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  1. 91
    Fivelongdays on 24 Apr 2015 #

    @82/83. Was going to mention ‘Don’t Falter’ myself. Really, really, really should have come out in the summer, deserved to have been the soundtrack to Summer 2000.

    I wonder what the heck the record company were doing releasing it in January, FFS.

    As for this – it’s good, but it’s no ‘Don’t Falter’. I’m going to be the only person in the world who compares it to ‘Roots Bloody Roots’ by Sepultura – a really good two minute song dragged out to four minutes, thus making what was enjoyable about it exasperating. It’d be on the 5/6 boundary, while ‘Don’t Falter’ would easily score a 9. Where’s the justice?

  2. 92
    Tom on 24 Apr 2015 #

    “Don’t Falter” is one of those tracks I’m glad never got to number one, because I detested it and am pleased I don’t have to justify my inchoate and mean dislike. :)

  3. 93
    Phil on 24 Apr 2015 #

    Now Nick Drake’s voice was posh. Exhibit A. Also, Neil Tennant is pure RP – I get the impression that he got his foot on the social ladder at a time when losing your accent & going RP instead was still de rigueur. Or I may be getting Smash Hits mixed up with the Cliveden set, I’m not sure.

    Thinking about it some more, I’m retreating a bit from my “SEB not posh in the slightest” position – I guess that combination of precise consonants & drawled vowels is a bit of a class marker, even if the actual vowel sounds are pure suburban (the diphthongs are where you can really hear this – the ‘ow’ of ‘tomorrow’/’borrow’, the ‘ay’ of ‘say’ (or, even more clearly, the ‘ay’ of ‘DJ’ in MOTDF)). Elegant slumming, I guess you’d call it.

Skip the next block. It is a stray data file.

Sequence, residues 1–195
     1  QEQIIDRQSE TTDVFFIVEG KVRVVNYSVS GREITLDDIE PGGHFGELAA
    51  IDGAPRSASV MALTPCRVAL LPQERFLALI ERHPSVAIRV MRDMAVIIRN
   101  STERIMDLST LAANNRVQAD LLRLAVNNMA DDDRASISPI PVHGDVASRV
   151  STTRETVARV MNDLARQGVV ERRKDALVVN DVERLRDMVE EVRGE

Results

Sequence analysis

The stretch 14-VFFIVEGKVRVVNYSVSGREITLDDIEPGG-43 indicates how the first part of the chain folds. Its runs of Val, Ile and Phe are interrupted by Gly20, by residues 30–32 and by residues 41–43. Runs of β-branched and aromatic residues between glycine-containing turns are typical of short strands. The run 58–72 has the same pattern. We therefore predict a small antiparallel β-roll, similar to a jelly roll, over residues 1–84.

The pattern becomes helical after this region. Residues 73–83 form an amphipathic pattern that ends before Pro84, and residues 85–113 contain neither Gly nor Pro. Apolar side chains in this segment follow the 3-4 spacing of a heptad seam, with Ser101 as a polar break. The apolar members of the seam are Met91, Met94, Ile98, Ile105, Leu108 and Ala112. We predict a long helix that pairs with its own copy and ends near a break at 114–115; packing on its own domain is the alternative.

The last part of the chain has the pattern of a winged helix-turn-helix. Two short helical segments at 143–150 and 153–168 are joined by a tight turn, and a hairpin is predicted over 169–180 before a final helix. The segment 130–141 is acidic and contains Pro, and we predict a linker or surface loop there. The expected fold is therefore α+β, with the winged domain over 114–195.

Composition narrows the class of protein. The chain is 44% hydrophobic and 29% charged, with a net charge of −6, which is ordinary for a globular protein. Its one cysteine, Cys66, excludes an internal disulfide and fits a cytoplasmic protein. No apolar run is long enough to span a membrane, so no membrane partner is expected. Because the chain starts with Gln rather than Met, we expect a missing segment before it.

The Barrett sound is an interesting one. I remember when I was quite small suddenly deciding that talking proper was boring, and I’d rather be a cheery cockernee. It must have been excruciating; apart from anything else I had a lousy ear for accents at that age (one of my ‘cockney’ role models was John Noakes). I wonder if something like that was going on with Barrett, and indeed Jagger – an artistic decision to sing in the role of the artless CHILD that does frolick hapily in the MEDDOW poo gosh I say Tarquin mind wot you are frolicking IN hem hem… sorry, where was I? Taking on a kind of vagabond brat persona, the better to rebel against the Man, and finding an accent to match it… sort of. See also Robert Wyatt & Richard Sinclair on one (much less extreme & theatrical) hand, and the young Bowie’s dream of being “a rock Anthony Newley” on the other.

  4. 94
    lonepilgrim on 24 Apr 2015 #